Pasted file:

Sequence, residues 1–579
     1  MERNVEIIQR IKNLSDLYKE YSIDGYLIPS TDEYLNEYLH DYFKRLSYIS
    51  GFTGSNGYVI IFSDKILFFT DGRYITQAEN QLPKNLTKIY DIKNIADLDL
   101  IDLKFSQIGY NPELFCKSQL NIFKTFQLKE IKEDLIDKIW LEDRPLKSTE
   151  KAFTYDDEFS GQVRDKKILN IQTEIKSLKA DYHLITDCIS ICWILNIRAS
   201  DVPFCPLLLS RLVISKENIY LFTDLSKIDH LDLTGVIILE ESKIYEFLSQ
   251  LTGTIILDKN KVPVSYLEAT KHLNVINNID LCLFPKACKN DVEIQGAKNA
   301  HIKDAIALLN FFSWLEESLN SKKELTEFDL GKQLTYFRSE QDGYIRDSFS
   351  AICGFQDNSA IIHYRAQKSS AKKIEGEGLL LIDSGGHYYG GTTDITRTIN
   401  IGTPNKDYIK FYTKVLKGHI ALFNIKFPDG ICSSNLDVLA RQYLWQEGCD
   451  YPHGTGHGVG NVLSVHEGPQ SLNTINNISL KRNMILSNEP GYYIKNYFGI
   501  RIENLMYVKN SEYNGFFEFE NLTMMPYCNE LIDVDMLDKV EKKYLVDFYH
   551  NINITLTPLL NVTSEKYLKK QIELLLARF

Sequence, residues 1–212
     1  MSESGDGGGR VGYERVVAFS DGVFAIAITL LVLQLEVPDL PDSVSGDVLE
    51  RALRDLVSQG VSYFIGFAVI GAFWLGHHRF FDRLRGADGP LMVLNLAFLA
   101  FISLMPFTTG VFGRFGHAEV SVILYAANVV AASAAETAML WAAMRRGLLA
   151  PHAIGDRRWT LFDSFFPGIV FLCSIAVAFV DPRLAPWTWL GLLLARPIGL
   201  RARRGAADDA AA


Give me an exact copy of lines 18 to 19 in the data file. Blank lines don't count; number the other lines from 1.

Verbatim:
   151  PHAIGDRRWT LFDSFFPGIV FLCSIAVAFV DPRLAPWTWL GLLLARPIGL
   201  RARRGAADDA AA